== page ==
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Man jailed for role in hiring others to assault ex-Joo Chiat MP Chan Soo Sen, throw chilli powder at him

SINGAPORE — When an acquaintance told Khoo Tsu Peng in 2019 about his suspicion that his wife was having an extramarital affair, Khoo agreed to recruit others to assault the suspected paramour.

Man jailed for role in hiring others to assault ex-Joo Chiat MP Chan Soo Sen, throw chilli powder at him
  • Khoo Tsu Peng helped to recruit others to assault former Joo Chiat MP Chan Soo Sen
  • An acquaintance suspected that his wife was having an affair with Mr Chan
  • Mr Chan suffered bruises from the attack which happened in public at a bus stop
  • Khoo also used his connections to help another friend assault someone else

SINGAPORE — When an acquaintance told Khoo Tsu Peng in 2019 about his suspicion that his wife was having an extramarital affair, Khoo agreed to help recruit others to assault the suspected paramour.

Upon locating Mr Chan Soo Sen at a bus stop in Pasir Panjang, the hired assailant struck him on the back several times with a wooden stick, threw a packet of chilli powder at him and shouted: “You know what you have done” before fleeing the scene.

On Monday (May 9), Khoo was sentenced to 14 weeks' jail after pleading guilty to conspiring to voluntarily causing hurt to Mr Chan, now aged 65.

The victim is a retired politician who was Member of Parliament (MP) for Joo Chiat Single Member Constituency from 2006 and 2011. He was also a Minister of State of various ministries between 2001 and 2006.

The assault on Mr Chan was not related to his former political career.

Khoo, now aged 68, was jailed for another 12 months for a separate offence of conspiring to voluntarily cause grievous hurt, as well as jailed four months and two weeks and fined S$20,000 for illegal gambling.

District Judge Jasvender Kaur ordered the sentences for these two offences to run consecutively, while his sentence for plotting to assault Mr Chan will run concurrently.

That means Khoo will serve a total of 16 months and two weeks behind bars.

He was defended by lawyers Josephus Tan, Cory Wong and Josiah Zee from Invictus Law Corporation.


The court heard that in October 2019, Khoo's acquaintance Ho Soo Fong, 64, said he was enraged that his daughter or his friend’s daughter was allegedly having an affair with Mr Chan.

Ho suspected that it was his wife who was having the alleged affair, but he was too embarrassed to tell Khoo.

Court documents did not reveal if this was true. The Straits Times had reported in 2013 that Mr Chan’s wife died that year from a rare genetic disease.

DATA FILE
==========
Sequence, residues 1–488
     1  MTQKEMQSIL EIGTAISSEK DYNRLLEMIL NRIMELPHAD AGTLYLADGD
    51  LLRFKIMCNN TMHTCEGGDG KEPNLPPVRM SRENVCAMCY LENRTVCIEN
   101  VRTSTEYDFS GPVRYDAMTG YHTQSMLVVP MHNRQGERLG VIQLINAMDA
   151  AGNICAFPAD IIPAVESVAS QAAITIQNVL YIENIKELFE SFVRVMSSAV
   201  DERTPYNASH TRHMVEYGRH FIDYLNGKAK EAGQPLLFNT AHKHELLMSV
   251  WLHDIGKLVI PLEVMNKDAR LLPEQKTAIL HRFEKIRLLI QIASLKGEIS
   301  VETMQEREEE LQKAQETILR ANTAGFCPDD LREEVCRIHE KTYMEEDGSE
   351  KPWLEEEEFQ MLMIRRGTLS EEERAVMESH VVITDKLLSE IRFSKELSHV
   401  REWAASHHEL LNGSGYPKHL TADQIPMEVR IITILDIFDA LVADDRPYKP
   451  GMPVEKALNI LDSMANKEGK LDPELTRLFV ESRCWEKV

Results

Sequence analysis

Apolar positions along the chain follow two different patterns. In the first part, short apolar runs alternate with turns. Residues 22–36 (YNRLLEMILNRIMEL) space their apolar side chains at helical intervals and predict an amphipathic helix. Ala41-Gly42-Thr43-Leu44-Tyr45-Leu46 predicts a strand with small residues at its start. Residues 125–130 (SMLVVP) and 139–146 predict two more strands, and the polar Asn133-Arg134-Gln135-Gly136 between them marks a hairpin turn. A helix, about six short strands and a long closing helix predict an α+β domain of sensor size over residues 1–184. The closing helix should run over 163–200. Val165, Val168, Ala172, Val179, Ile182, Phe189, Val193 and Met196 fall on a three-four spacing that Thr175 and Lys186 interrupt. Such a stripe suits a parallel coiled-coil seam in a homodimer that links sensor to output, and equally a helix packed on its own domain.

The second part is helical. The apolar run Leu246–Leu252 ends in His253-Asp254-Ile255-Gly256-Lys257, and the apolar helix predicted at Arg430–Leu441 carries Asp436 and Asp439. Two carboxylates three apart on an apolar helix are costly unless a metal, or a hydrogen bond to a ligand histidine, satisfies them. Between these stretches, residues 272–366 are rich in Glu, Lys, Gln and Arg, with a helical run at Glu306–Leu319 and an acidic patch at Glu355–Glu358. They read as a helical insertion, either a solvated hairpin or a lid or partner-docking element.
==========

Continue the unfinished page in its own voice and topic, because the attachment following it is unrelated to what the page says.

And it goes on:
Mr Chan Soo Sen leaving the Subordinate Courts on Aug 1, 2013. He was fined S$2,000 and disqualified from driving for a year after pleading guilty to drink-driving.

When Ho said he wanted to teach Mr Chan a lesson by getting someone to assault him, and offered a five-figure sum for the job, Khoo agreed to find someone to pull it off.

Khoo then relayed the plan to Mohamed Hussain Shah Abdullah, 46, who belonged to the Omega secret society. Hussain recruited an unidentified man to carry out the attack after Ho agreed to pay S$25,000.

They plotted to assault Mr Chan at a restaurant but eventually decided the location was not appropriate. The assailant was subsequently arrested.

Because of this, Khoo decided to offer the job to another man — Mohd Ali Osman, 59 — for the same price.

Ali teamed up with his former prison acquaintance, 30-year-old Raimi Saharudin, to carry out the attack. The two men scouted the area near Mr Chan’s residence in Pasir Panjang after learning that he usually took the bus at a nearby bus stop.

Close to midnight on Dec 26, 2019, they decided to strike.

When Mr Chan alighted from a bus, Raimi recognised him from a photograph and approached him, throwing a packet of reddish-orange powder at the other man before hitting him on the back with a wooden stick several times.

The powder was later analysed and found to contain capsaicin, a chemical compound found in chilli peppers.

Mr Chan fell to the ground. Raimi then shouted: “You know what you have done” before fleeing on his motorcycle.

He discarded the wooden stick at a petrol station and told Ali that the job was completed.

Mr Chan lodged a police report and also sought medical treatment at the National University Hospital. He had sustained bruises on his elbow and knee, as well as a contusion on his back.

Raimi was sentenced to three months’ jail for his role in the attack, while Ho and Ali have been charged. Their cases are pending before the courts.


Following this incident, Khoo separately introduced Hussain to a good friend, Low Eng Pah, who was embroiled in a dispute with someone else over alleged gambling winnings.

Khoo had suggested hiring someone to assault the other man and recover his gambling winnings. Low agreed and promised to give Khoo 40 per cent of the purported winnings.

Hussain, who was on court bail at the time, decided to get younger members of his secret society to attack the victim.

The assailants wore motorcycle helmets to conceal their identities and beat the victim up near a Hougang coffee shop before fleeing in a private ambulance.

The court heard that this impeded the authorities’ efforts to identify them. It was only after the ambulance driver implicated the assailants that all of them were arrested.

The victim suffered a broken nose and injuries to his face, scalp and collarbone. He was given three days of hospitalisation leave.

Related topics

court crime voluntarily causing hurt voluntarily causing grievous hurt assault Chan Soo Sen

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